Nalbinding Stitch Summary
There are many good videos on You Tube on how to make the various stitches. I will not be reinventing the wheel, but am providing some links to these.
This stitch starts with one loop on the thumb and the new yarn wrapped around the thumb. Step 1 Pick up 1 new and 1 old stitch from previous row. Step 2 Pick up 1 loop from behind the thumb, from the back of the stitch,
so no twist is added. Step 3 1 Loop is on the thumb.
Pick up the 1 loop that is on the thumb and the new yarn that is wrapped around your thumb.
Pass the needle through all of the loops.
If you wish to tighten the stitch, drop the loop that is on your thumb onto the needle and tighten, before passing the needle through all of the loops on the needle. York Stitch on You Tube
Oslo Finnish 1+1
This stitch starts with one loop on the thumb and the new yarn wrapped around the thumb.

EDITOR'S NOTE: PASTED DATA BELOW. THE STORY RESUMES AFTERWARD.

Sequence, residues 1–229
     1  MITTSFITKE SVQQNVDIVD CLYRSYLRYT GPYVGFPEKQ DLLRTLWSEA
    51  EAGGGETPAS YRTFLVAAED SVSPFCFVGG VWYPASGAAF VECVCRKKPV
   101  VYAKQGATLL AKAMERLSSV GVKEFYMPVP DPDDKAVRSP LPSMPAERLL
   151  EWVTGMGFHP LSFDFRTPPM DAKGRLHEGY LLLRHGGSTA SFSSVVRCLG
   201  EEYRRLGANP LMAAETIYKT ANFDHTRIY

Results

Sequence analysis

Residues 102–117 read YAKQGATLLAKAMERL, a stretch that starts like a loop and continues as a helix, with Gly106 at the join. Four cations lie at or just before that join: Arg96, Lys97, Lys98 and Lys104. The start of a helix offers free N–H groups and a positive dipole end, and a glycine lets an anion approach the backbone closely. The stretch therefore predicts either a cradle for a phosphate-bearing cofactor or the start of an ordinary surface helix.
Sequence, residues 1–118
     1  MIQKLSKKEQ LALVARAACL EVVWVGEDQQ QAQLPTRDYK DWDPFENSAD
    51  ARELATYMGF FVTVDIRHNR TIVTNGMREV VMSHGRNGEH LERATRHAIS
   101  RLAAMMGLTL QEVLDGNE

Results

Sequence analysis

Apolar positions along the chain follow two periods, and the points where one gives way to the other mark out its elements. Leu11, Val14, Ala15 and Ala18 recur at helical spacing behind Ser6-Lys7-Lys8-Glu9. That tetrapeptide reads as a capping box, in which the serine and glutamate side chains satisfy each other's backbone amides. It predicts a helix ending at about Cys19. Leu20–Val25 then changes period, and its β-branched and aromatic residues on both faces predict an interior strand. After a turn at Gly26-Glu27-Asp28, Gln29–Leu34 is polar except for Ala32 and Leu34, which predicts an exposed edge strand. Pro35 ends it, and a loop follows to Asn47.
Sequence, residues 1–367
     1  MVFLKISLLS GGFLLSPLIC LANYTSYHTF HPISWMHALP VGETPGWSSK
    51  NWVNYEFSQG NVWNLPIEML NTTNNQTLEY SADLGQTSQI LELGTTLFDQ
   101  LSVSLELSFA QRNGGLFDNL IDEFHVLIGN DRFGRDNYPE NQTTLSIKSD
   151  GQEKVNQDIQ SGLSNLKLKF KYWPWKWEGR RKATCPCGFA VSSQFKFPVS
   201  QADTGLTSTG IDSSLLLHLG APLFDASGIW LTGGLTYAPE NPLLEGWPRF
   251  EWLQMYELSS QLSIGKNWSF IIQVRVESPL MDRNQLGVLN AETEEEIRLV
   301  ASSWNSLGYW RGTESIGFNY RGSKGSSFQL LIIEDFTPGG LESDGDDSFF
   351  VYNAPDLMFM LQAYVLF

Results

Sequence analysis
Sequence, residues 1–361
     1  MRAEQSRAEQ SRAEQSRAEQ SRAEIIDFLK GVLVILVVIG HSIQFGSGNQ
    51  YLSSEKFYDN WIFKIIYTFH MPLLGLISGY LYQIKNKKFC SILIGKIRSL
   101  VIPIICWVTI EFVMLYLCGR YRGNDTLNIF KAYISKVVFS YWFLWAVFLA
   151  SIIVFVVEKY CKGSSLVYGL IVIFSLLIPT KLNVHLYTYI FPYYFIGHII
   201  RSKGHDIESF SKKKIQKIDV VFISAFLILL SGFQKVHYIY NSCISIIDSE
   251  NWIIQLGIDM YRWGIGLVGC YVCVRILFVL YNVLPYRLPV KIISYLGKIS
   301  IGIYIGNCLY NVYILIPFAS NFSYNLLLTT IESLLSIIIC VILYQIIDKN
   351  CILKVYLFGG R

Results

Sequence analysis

This is similar to the York Stitch but with an extra twist. Step 1 – Pick up 1 new and 1 old stitch from previous row. Step 2 – Pick up 1 stitch from behind thumb, from the front to the back, and turn your needle so that it point down towards your thumb. This creates a twist in the stitch. Step 3 – Pick up the 1 loop that is on your thumb and under the new yarn that is on your thumb.
Pull the needle through all of the stitches.
If you wish to tighten the stitch, drop the loop that is on your thumb onto the needle and tighten, before passing the needle through all of the loops on the needle. Oslo Stitch on You Tube
Mammen (Korgen) Finnish 1+2 Step 1 – Pick up 1 new and 1 old stitch from previous row. Step 2 – Pick up 2 stitches from behind the thumb, from the front to the back of the stitch. Turn your needle so that it point down towards your thumb. This creates a twist in the stitch. Step 3 – Pick up 1 loop from the thumb and under the new yarn that is over your thumb.